yalanuzyan mikael social responsibility


Is it acceptable to throw your cigarette butt on the street? Is it understandable to be a draft dodger? If you can get a discount for paying in cash, should you take it?

In recent years, the expression “social responsibility” has appeared often in Armenia’s political discourse. We explain numerous unresolved everyday problems, even political events like national elections, by pointing to our society’s low level of social responsibility. Although the term is relatively new, the relationship between the individual, society and the state has always been the focus of philosophers, religious figures, governing authorities and ordinary people since ancient times.

Different people can exert different social behaviors; some want to give back to others, some are indifferent to the plight of their neighbors, others may think nothing of causing outright harm. Such is the human being. Over the centuries, social laws and norms have been shaped to reduce the worst manifestations of human nature and ensure stability within society. Social norms are those boundaries of an individual's life and lifestyle which, when crossed, lead to consequences of different kinds. If an individual has a high sense of social responsibility, and lives and works within the established norms, then he is encouraged. For particularly significant actions, she may even be held up as exemplary.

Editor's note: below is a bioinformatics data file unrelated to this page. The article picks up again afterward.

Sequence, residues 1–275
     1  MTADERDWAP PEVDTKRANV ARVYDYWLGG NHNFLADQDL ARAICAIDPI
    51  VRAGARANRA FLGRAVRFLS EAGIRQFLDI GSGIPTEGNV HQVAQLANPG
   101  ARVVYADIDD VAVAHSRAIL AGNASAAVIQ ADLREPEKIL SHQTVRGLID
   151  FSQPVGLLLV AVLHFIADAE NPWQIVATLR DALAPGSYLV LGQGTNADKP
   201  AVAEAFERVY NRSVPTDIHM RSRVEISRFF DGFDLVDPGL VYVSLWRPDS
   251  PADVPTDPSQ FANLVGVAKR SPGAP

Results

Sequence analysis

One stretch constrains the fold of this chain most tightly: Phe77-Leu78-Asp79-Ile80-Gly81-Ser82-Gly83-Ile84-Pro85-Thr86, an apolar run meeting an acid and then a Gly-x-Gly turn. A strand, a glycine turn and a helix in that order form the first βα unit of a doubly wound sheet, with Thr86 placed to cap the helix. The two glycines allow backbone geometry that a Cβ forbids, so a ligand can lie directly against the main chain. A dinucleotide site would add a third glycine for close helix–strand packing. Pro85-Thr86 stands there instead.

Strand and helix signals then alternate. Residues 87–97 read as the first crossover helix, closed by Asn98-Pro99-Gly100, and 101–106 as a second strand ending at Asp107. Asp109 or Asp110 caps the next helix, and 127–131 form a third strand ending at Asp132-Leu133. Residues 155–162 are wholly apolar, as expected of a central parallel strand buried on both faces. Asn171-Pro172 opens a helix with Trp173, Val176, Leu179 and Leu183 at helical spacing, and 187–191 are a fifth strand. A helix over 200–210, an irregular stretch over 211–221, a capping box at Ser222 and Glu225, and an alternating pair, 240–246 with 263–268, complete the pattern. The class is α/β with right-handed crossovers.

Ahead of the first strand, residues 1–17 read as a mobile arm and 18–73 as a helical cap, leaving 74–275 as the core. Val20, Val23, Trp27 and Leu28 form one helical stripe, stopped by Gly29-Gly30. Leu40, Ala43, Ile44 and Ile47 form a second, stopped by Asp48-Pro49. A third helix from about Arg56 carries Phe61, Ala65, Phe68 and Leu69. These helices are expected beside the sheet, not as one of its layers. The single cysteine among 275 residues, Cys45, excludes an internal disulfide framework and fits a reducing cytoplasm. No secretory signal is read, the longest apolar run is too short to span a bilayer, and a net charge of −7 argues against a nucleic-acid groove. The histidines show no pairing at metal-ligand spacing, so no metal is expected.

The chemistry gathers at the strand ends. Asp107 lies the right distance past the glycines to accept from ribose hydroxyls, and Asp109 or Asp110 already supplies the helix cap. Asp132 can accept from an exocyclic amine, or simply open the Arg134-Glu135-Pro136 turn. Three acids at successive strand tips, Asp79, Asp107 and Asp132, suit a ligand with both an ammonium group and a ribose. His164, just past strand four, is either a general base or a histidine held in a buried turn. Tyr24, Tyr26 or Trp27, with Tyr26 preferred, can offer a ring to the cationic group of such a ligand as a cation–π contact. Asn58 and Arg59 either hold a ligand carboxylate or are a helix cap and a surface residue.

If the behavior of an individual or any group does not correspond to the established social norms, then it is met with public reproach. Leaving aside professional observations and various approaches on the issue, we can say that the most important question is “What are the limits of the socially acceptable norms for society?” Without understanding this, it is impossible to imagine whether a given action violates the norms accepted by society or not. If people throw cigarette butts on the street, then it is first necessary to understand whether their action is reprehensible for other members of that particular society.

“The word responsibility is not that accurate, because by social responsibility we mean obligation, even debt. The problem is viewed in a moral context: no one is forcing you, but you feel your obligation,” explains Nvard Melkonyan, PhD in Sociology and co-founder of Spring PR.


You #StayHomeSaveLives, But I Don’t Have To

Discussions on social responsibility are especially prevalent to the problems caused by the COVID-19 pandemic. Practically all medical professionals agree that wearing a mask reduces the spread of the virus, and encourage the use of masks as one of the essential tools to reduce the scope and scale of the pandemic. In addition, vaccination is an effective way to mitigate the impact of the pandemic. In Armenia, the vaccination process is slowly improving, but with great difficulty; it took coercive measures by the state to force people to get vaccinated. Public indifference and rejection of vaccines is also part of social behavior and responsibility.

“People who create opinions and command authority in society (influencers) are also important for increasing social responsibility. We have thousands of citizens who follow personal examples. When we say that 60 people die daily from COVID-19, but influential people do not care about all the rules, the common person, naturally, does not follow instructions,” says Melkonyan.